The Punch Preferidos was very mellow to the senses before being lit, and the first puffs after being lit aren’t much different other than a bit more creaminess and the first inklings of pepper. That said, it takes a step forward with pepper and wood not long after and begins to develop a fairly familiar profile, and there are a few points where the cigar hints at what it could become, blending the creaminess with the cereal and pepper together with an impressive result. There’s a bit of a toasty aspect to the flavor as well, tingling the lips and drying the mouth out a bit before the one-inch mark. It’s a good though fairly singular profile, and while the flavor doesn’t taste young, it does taste a bit restrained, which I’m not terribly surprised by given the January 2019 box date. It’s a point that gets reiterated as the first third progresses and the white pepper tends to leap out of the profile at times, a trend that carries the cigar into the second third. Flavor sits at an unbalanced medium-plus, body about the same, and strength varying between medium-plus and full depending on the most recent hit of pepper. The burn, draw and smoke production are all quite good.
The exuberance shown by the white pepper in the first third of the Punch Preferidos carries over into the start of the second third, but starts to fall in line with the rest of the profile. It steadily dries the mouth, particularly the lips and the front and sides of the tongue. It’s not quite the same feeling as being truly parched on a hot, dry summer day, but it’s close. While there is a bit of creaminess to be found in puffs, it is sporadic and hardly enough to avert the physical effect the cigar is having. At the midpoint, I get an even drier profile that is marked by white bread toast and peanuts, though without the oiliness that the flavor tends to contain. By the end of the second third, my mouth is quite dry and I’m not only thinking of drinking more water, but finding some lip balm as well. The profile, body and strength are all at a pretty similar place to where they were at the end of the first third.
The burn line begins to tilt at the start of one sample’s final third and it’s not long before I have some shoveling to remedy, though the Punch Preferidos is smoking well otherwise. Another sample has to contend with some damage to the wrapper due to the removal of the bands, thankfully it is more cosmetic than anything and it burns well otherwise. There’s a bit less drying of the mouth going on, even though the profile hasn’t changed much and is still showing a very dry toast note along with some thin, dry wood. The result is a fairly shallow flavor that tries its best to keep the palate engaged but simply doesn’t offer much in the way of depth or complexity at this stage of its aging process. While the pepper is still present, it’s now more of an accent note compared to the first third. The closing puffs don’t improve the profile or experience much, getting a bit more intense and smoky, with a bit of heat coming through as well. The draw is good, and while the burn line was able to be largely corrected, it’s not the prettiest of endings for the cigar.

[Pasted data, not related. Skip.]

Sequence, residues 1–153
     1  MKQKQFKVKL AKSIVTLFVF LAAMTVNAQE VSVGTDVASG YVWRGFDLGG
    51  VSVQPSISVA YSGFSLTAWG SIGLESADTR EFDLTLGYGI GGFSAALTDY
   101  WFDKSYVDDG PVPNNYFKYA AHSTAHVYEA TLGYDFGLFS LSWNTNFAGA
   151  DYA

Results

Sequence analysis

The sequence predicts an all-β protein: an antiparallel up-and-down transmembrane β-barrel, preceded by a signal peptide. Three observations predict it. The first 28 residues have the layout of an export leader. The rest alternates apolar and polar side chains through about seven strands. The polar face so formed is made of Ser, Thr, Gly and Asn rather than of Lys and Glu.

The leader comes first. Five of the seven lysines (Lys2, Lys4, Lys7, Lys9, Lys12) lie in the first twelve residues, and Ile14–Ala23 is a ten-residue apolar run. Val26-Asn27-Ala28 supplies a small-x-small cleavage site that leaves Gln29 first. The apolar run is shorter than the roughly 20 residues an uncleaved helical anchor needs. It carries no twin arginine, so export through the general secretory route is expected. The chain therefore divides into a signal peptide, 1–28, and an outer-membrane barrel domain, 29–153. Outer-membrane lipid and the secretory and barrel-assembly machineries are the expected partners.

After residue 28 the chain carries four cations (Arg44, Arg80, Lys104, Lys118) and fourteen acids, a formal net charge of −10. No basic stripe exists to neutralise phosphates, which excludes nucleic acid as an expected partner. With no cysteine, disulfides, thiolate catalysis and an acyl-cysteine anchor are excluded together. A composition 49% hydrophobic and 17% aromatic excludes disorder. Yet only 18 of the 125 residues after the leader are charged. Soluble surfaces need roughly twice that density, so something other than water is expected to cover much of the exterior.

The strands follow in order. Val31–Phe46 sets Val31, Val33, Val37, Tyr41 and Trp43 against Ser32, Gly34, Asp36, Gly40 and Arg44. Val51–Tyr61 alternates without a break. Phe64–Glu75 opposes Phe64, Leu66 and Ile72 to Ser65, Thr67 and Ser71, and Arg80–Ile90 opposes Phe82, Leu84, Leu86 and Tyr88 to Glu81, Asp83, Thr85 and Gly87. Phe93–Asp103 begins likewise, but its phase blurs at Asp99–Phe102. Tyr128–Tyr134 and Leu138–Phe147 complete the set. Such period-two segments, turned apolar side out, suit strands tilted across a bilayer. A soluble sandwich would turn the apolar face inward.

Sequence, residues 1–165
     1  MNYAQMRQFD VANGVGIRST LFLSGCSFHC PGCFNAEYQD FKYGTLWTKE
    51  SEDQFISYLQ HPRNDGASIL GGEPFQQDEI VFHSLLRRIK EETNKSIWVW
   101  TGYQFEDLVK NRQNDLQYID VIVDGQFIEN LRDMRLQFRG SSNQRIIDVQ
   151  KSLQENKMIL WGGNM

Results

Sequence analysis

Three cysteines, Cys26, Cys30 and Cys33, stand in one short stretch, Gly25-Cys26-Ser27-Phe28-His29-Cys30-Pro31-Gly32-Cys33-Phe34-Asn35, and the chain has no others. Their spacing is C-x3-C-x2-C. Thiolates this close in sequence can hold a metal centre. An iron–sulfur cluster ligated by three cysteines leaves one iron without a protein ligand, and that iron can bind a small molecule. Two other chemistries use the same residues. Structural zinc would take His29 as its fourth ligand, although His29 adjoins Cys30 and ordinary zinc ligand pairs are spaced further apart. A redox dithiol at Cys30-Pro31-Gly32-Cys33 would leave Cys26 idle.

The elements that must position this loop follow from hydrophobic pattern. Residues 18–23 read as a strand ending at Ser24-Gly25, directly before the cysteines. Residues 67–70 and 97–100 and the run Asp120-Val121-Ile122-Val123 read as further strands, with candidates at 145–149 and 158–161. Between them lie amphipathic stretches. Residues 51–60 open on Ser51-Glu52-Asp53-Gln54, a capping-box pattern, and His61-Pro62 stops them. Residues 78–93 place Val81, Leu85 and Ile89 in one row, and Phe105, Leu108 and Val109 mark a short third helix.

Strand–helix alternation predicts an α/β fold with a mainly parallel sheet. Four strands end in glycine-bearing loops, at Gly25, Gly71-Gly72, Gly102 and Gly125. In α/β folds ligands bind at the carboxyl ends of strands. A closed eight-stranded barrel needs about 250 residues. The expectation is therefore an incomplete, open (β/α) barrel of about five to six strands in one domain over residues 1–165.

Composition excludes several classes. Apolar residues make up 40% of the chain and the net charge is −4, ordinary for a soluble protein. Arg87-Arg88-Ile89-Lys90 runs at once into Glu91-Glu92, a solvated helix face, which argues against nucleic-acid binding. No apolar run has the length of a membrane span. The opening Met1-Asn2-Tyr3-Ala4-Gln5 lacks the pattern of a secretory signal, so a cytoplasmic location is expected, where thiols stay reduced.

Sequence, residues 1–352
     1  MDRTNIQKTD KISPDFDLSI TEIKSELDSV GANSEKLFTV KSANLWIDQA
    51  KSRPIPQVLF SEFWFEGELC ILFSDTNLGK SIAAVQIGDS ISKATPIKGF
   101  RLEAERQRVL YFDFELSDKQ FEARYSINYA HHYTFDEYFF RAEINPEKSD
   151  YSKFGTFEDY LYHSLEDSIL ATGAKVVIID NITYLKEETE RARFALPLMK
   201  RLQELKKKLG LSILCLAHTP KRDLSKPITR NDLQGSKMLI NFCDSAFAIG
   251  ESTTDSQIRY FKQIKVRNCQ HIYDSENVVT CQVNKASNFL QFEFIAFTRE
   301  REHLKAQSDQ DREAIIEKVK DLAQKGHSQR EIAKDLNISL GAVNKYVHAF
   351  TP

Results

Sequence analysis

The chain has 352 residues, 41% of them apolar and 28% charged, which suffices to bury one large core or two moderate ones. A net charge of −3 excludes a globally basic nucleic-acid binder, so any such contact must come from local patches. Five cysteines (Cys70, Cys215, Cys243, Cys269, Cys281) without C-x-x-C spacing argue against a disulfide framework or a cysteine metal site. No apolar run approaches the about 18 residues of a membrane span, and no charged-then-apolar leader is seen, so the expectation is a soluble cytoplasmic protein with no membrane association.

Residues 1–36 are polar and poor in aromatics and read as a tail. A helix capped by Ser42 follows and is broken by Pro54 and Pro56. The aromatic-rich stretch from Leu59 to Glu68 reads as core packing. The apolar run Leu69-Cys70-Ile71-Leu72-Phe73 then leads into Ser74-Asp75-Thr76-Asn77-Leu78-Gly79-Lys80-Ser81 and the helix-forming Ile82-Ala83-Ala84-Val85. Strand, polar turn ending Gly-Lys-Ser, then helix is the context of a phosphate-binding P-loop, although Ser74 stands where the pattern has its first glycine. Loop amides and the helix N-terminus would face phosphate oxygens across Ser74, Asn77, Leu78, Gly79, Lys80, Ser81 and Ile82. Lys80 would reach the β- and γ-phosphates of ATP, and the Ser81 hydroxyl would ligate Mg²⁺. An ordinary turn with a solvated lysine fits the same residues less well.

- The box code for these cigars is ASR ENE 19.
- This is one of the most consistent cigars I have smoked in recent memory; all three samples scored the exact same and had pretty much identical flavor profiles and progressions, with no appreciable technical issues.
- Cuban cigar bands are such a wonderful frustration. Either rip them to shreds removing them and forget any idea of saving them, or damage the wrapper in trying to slide them off. Or better, both outcomes. I understand wanting to prevent them being used for other purposes, but for those of us who like to hang onto some bands, it is an annoyance.
- As noted above, while 5ta Avenida is known as being the distributor for Germany, the company distributes beyond those borders, and as such will also be offering the Punch Preferidos in Austria and Poland, where 5ta Avenida is the exclusive distributor of Habanos S.A. products. The distributor hasn’t released a single-country exclusive since 2014 with the Ramón Allones 8-9-8 for Germany.
- Speaking of Germany, I think it was the Bolívar Especiales No.2, a lancero made for Germany, that really sparked my interest in the Edición Regional program.
- I was a bit amazed to see that the Edición Regional program now has 210 releases.
- I found there to be very little nicotine strength from the Punch Preferidos, but the dry mouth sensation more than makes up for any missing physical sensation below the neck.
- The cigars for this review were purchased by halfwheel. We paid $200 for a full box on the secondary market.
- Final smoking time was one hour and 25 minutes on average.
Edición Regional releases have had their share of negative comments heaped upon them, and I’m relieved to say I don’t feel the need to add any more after smoking the Punch Preferidos. While it’s far from being a bad cigar or a letdown, it certainly seems like it is not in its best place yet, something that will more than likely happen in the coming years. There are marks of good flavors—creaminess, breads, wood and white pepper—yet they all feel a bit youthful and underdeveloped on their own, let alone when it comes to functioning as a cohesive profile. This is certainly a cigar that could be smoked now, and other than the dry mouth and some white pepper that has the steadiness of a baby giraffe, would seemingly be fairly enjoyable. But as many regular Cuban smokers would likely attest with cigars from the island, this needs to be put in a humidor to rest and develop before finally being ready to show its more developed—and likely more enjoyable—profile.